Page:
[dropcap]I[/dropcap]SLAMABAD – To see why Pakistan’s revenues are in such bad shape, take a look at which cigarettes are flying off the shelves. Local brands are starting to take away market share from rivals marketed by British American Tobacco Plc and Phillip Morris International Inc. The reason is simple: They cost less than the 36-rupee ($0.34) tax imposed on a legitimate pack of cigarettes.
“There is massive tax evasion,” said Haroon Akhtar Khan, a special assistant to Prime Minister Nawaz Sharif on revenue. “We have raided retailers and put up banners at different places, warning sellers of arrests. Now the pressure is going to increase.”
Sharif raised taxes late last year on cigarettes and other consumer goods in a bid to meet revenue targets tied to an International Monetary Fund loan. The central bank said in January that more effective tax enforcement is crucial to lowering the budget deficit to 4.3 percent of gross domestic product this fiscal year, from 5.37 percent in the previous 12 months.
Yet there are signs that isn’t happening: Higher taxes and lax enforcement are fueling a growing black market. Sales of illicit cigarettes cost Pakistan more than 24 billion rupees in taxes in 2014, according to market research company Nielsen.
“Excessive tax increases over the years have led to huge price increases way above the affordability of the consumer, who in turn opts for cheaper alternatives from tax evaders,” said Sekar Menon, regional director for corporate affairs at Philip Morris International, which makes Marlboro. “Unless this issue is addressed to create a level playing field, the long term sustainability of the legitimate tobacco industry may be at risk.”
Philip Morris Pakistan Ltd. has posted losses over the past four years. British American Tobacco’s local unit reported lower volumes last year, citing declining market share due to the illicit trade.
Taxes accounted for about 61 percent of a pack of cigarettes in Pakistan in 2014 even before the latest increases, according to the World Health Organization. This compares with 60 percent in India, 43 percent in the U.S. and 82 percent in Turkey and the UK.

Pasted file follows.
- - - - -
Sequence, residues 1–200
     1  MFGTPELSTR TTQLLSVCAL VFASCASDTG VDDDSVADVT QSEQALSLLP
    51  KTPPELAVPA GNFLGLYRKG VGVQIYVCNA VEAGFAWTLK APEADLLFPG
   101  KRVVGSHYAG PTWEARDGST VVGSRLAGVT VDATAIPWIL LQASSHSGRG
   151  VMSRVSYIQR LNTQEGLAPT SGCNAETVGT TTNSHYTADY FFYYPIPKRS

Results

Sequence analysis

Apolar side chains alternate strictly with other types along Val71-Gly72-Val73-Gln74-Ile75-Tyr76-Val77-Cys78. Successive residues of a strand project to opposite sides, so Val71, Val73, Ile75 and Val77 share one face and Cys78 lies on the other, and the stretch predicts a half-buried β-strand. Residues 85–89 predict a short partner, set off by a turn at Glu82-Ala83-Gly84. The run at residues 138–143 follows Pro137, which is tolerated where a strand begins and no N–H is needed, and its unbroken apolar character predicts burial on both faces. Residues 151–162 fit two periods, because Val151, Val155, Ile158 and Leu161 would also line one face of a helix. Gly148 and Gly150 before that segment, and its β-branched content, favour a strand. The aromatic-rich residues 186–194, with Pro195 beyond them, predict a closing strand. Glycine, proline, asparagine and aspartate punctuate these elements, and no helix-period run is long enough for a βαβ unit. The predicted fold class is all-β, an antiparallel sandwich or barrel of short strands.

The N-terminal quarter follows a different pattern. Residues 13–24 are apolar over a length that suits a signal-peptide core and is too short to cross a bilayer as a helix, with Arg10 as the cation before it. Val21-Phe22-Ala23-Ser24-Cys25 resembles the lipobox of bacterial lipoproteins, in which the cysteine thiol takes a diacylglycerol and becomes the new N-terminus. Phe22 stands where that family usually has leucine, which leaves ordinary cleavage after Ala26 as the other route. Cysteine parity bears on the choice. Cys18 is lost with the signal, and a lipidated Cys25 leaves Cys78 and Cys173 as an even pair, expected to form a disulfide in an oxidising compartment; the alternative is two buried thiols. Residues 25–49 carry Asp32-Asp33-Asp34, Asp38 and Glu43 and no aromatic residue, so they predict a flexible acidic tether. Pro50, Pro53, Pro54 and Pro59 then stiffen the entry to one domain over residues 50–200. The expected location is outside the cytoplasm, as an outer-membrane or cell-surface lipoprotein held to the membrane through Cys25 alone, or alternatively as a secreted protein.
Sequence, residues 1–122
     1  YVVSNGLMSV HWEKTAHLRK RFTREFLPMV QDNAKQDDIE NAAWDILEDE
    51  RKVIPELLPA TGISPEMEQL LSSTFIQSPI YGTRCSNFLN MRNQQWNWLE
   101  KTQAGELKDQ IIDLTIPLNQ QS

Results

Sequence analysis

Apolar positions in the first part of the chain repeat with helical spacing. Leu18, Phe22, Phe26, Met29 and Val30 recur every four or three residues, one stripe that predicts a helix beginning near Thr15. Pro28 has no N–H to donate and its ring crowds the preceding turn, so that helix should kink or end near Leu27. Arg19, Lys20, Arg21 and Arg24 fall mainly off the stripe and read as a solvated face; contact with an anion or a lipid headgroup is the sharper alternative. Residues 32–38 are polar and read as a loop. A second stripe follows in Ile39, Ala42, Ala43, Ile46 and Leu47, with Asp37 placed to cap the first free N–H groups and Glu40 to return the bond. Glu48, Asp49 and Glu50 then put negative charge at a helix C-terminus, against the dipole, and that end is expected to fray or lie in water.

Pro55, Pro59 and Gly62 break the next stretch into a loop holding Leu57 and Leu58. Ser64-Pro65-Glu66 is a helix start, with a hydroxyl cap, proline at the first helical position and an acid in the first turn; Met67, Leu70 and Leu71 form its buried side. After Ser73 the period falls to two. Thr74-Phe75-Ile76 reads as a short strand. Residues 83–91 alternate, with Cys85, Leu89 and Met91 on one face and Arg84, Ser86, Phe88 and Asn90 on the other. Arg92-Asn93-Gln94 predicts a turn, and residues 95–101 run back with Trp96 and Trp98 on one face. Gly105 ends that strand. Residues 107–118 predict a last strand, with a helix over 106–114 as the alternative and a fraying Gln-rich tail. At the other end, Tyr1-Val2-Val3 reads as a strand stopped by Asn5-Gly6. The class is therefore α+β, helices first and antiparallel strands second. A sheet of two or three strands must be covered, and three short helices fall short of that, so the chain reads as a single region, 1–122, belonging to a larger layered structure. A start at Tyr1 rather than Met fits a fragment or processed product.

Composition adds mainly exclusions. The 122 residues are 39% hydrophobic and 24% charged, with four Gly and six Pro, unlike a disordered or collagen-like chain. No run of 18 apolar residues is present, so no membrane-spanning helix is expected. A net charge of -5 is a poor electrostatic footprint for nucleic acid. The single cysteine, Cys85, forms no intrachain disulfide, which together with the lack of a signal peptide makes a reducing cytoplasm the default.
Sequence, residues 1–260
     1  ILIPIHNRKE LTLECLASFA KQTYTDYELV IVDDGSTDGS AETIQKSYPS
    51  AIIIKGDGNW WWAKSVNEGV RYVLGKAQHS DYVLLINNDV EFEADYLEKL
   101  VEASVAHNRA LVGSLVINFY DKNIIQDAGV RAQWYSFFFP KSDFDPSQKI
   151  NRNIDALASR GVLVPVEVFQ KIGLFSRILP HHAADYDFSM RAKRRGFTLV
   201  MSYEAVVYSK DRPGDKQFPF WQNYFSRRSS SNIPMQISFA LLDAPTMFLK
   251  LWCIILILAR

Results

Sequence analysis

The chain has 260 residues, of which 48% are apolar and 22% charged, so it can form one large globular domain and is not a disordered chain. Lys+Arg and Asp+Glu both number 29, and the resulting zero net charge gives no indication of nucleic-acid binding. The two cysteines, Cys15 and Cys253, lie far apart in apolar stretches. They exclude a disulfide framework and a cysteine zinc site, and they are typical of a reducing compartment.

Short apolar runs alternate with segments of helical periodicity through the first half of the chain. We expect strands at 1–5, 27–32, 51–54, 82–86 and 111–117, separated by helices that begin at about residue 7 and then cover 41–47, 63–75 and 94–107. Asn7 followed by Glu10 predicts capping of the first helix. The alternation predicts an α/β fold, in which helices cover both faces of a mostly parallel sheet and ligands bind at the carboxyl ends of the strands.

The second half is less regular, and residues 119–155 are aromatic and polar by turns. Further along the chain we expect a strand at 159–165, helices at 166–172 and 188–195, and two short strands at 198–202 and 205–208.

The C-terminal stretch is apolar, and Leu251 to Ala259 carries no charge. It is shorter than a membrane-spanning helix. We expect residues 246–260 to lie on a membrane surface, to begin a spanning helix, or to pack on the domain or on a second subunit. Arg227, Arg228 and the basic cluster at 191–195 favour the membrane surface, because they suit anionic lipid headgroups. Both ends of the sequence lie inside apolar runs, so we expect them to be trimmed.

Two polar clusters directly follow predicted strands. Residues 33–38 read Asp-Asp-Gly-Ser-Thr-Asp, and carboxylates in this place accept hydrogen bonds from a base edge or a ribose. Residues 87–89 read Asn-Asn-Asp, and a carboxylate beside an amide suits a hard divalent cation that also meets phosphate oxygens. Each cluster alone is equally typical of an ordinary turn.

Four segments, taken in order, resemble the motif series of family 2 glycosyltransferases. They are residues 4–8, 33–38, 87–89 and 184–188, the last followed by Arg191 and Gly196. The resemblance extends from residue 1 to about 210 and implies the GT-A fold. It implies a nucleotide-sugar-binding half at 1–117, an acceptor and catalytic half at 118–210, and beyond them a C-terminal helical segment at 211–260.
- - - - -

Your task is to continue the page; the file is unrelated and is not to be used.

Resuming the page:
A uniform tax accounting for about 70 percent of the cigarette price could reduce consumption by 7.5 percent and boost Pakistan’s tax revenue by about 27 billion rupees, according to a 2014 report on tobacco taxation funded by Bloomberg Philanthropies and the Bill and Melinda Gates Foundation. Bloomberg Philanthropies is controlled by Michael Bloomberg, the majority shareholder of Bloomberg LP, owner of Bloomberg News.
Applying tax stamps to tobacco products, which provides documentation that taxes have been paid, is an important tool to combat illicit trade, according to a paper published last year by the U.S. Centers for Disease Control and Prevention.
However that’s easier said than done. Pakistan’s tax-to-GDP ratio worsened slightly over the decade through 2012, picking up in 2013 only after Sharif was elected and won a loan from the International Monetary Fund. Less than 1 percent of citizens pay income taxes, according to the government.
“Pakistan can’t regulate medicines, doing it for cigarettes are much more difficult,” said Faisal Bari, associate professor of economics at Lahore University of Management Sciences. “The state lacks the ability to enforce.”
Rafaqat Abbasi, a taxi driver, says he switched to a cheaper cigarette brand about three years ago. If the government cracks down, he’ll opt for chewing tobacco or some other similar stimulant for his daily fix, he said.
“It’s not my headache if they don’t pay tax,” he said. “The government should be worried about it.”